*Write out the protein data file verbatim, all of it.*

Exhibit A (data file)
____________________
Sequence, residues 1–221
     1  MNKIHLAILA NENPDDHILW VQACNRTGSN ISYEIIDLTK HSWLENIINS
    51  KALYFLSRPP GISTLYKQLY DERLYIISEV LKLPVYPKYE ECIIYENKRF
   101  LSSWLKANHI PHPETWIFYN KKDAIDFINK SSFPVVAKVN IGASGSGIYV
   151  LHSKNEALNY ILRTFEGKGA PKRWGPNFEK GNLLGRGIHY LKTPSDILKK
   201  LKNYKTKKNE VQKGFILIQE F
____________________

Sequence, residues 1–221
     1  MNKIHLAILA NENPDDHILW VQACNRTGSN ISYEIIDLTK HSWLENIINS
    51  KALYFLSRPP GISTLYKQLY DERLYIISEV LKLPVYPKYE ECIIYENKRF
   101  LSSWLKANHI PHPETWIFYN KKDAIDFINK SSFPVVAKVN IGASGSGIYV
   151  LHSKNEALNY ILRTFEGKGA PKRWGPNFEK GNLLGRGIHY LKTPSDILKK
   201  LKNYKTKKNE VQKGFILIQE F